StrategyMay 29, 2013

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Bottom of the 9th: Future AL Closers? - 2 comments

By R.J. White

Injuries and ineffectiveness have swept through the bullpens of the major leagues, so much so we had to discuss five bullpens in this week’s Cafe Pod. All the uncertainty around the league has led to a host of potential closers emerging (as they tend to do every season). Who are worth your fantasy attention?

TB Joel Peralta

After earning two votes of confidence over the weekend, closer Fernando Rodney has bounced back with two scoreless innings and one win over the past two days. While he’s earned a little bit of leash, he’s still walked 19 batters in 21.1 innings this season. Last year, he walked just 15 batters in 74.2 innings. Historically, the high-walk Rodney may be closer to his true talent, as he had walked 6.7, 4.9, 4.6 and 7.9 batters per nine innings during his four seasons previous to his magnificent 2012 performance. Joel Peralta has been excellent as usual, though his walk rate is slightly elevated. Joe Maddon may want to keep Peralta in the eighth, especially with Jamey Wright cooling off after a hot start (seven of his nine earned runs and five of his nine walks have come in his last six appearances), but Rodney won’t be allowed to melt down in the closer role forever. The best strategy for the Rays may be to promote one of their top starting pitching prospects to work out of the bullpen for the remainder of the year as a setup man and use Peralta as the closer, provided Rodney’s rebound doesn’t last.

CLE Cody Allen & Joe Smith

On the podcast, I guessed that Joe Smith would be the team’s top option to replace Chris Perez for as long as he’s out. However, they stuck with their long-term second option, Vinnie Pestano, instead. With Perez possibly not suffering too serious an injury, there might not be many saves for Pestano, or for Smith should Pestano falter. But even with how good Smith has been (1.06 ERA, 0.94 WHIP, 18:5 K:BB ratio in 17 innings), the key name to remember long term is Cody Allen, who picked up his first career save a few weeks ago. He rushed through the minors for good reason, posting a 1.74 ERA, 0.85 WHIP and 128:23 K:BB ratio in 98 innings in 2011 and 2012. He’s been excellent for the Indians this year while putting together a 2.25 ERA, 0.96 WHIP and 31:7 K:BB ratio in 24 innings. Though he’s probably third in the pecking order behind Pestano and Smith, Allen could end up being the best of the bunch over the next five-to-ten years.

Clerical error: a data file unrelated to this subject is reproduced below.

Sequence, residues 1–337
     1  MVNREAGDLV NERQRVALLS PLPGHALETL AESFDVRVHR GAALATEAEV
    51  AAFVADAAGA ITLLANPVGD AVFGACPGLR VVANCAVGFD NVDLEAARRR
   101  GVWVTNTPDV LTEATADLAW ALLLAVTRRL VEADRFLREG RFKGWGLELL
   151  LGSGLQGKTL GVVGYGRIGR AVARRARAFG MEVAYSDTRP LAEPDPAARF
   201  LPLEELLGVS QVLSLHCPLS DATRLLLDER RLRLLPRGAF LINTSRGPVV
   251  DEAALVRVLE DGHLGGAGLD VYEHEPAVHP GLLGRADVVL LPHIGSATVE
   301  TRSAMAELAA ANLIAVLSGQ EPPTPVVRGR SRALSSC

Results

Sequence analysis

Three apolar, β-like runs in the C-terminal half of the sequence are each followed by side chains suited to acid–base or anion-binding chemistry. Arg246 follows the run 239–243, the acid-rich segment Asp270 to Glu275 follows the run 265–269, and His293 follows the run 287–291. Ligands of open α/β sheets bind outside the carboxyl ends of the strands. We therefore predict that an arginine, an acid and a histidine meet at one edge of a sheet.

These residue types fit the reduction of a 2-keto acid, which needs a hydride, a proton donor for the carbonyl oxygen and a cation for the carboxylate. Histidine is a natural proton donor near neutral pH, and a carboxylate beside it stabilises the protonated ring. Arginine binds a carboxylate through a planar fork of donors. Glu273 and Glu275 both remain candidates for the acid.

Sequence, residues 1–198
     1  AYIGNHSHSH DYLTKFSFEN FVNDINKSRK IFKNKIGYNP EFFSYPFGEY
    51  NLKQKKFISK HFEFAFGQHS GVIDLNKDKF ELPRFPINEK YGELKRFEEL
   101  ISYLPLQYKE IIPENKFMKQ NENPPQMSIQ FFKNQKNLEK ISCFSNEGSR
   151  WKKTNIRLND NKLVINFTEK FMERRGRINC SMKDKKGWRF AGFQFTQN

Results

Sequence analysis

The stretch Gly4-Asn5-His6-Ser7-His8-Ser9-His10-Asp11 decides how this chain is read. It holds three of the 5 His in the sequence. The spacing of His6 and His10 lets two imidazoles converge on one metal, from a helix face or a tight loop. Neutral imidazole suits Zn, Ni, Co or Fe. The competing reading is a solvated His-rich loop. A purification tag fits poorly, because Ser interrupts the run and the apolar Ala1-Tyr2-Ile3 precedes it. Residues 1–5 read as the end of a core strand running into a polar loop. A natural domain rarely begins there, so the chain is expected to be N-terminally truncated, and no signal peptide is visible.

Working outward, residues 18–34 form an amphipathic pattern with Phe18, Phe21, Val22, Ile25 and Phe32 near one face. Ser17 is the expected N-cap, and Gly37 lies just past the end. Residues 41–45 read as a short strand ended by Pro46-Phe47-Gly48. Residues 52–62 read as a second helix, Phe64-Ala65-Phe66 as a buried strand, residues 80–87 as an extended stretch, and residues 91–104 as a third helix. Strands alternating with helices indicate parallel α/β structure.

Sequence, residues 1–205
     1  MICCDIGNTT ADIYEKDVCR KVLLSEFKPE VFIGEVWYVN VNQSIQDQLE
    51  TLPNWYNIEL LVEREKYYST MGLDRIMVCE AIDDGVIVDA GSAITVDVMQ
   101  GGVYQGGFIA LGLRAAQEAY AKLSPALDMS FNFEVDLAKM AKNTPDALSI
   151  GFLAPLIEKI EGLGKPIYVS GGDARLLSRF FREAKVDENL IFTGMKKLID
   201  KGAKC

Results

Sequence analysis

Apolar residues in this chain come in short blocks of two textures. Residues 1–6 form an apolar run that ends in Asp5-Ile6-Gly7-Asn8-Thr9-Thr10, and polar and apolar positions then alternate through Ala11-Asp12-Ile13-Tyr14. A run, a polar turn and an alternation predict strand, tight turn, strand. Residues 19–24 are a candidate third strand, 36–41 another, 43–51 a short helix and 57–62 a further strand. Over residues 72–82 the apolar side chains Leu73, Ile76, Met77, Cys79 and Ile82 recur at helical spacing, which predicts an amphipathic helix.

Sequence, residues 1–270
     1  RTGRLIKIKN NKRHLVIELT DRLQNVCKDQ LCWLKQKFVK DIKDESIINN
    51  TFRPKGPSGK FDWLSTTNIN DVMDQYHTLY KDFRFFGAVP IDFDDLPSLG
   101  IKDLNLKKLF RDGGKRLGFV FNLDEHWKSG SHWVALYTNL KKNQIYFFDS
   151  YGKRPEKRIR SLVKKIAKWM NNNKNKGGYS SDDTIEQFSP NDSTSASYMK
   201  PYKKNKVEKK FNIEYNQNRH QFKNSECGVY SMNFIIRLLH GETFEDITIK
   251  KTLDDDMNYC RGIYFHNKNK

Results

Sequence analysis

BAL Darren O’Day

After bouncing back from a rough week with two scoreless outings, Jim Johnson was terrible again Sunday, allowing four earned runs to suffer a blown save and a loss. He’s now given up 12 earned runs in five innings over his last six appearances, and it seems unlikely manager Buck Showalter can stick with him much longer. In fact, Johnson has at best one more shaky appearance before he’s pulled, in my mind. The job would then probably go to Darren O’Day, a submariner who has excelled this year, posting a 1.88 ERA, 1.13 WHIP and 26:9 K:BB ratio in 24 innings. Despite his good numbers, he’s actually walking batters at a higher rate than normal, and he could be even better if that rate regresses. Lefties have had him for lunch this year (.324/.429/.529 in 43 plate appearances), so if he were to close, it would likely be in tandem with another reliever, possibly even Brian Matusz, who has been great against everyone but particularly against lefties (.128/.171/.231 in 41 plate appearances).

TOR Steve Delabar

Casey Janssen is dealing with a bothersome shoulder that made him unavailable for Tuesday’s game. Steve Delabar pitched the ninth inning of a tied game instead, holding the Braves scoreless, though they would go on to win in the 10th. If Janssen’s shoulder issues are more serious than a day-to-day thing, Delabar could be called upon to serve as closer. He has a suspect walk rate this season but has worked around it to post a 2.33 ERA. It’s unlikely he’d be a threat to Janssen’s job when the latter is healthy.

R.J. White is the head editor at the Cafe and contributes to's MLB Rumors blog. He has previously written for FanHouse, Razzball and FanDuel. Catch up with him in the forums under the name daullaz. Follow him on Twitter; don't follow him in real life.
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2 Responses to “Bottom of the 9th: Future AL Closers?”

  1. jonasjack222 says:

    How does Neil Wagner change Delabar’s value?

  2. User avatar daullaz says:

    @jonasjack222: It doesn’t in the short term. Delabar’s value is basically pretty close to zero now anyway with Janssen pitching Wednesday. If he suffers another injury down the road, Wagner could be in the mix, but he has to first prove himself at the MLB level.


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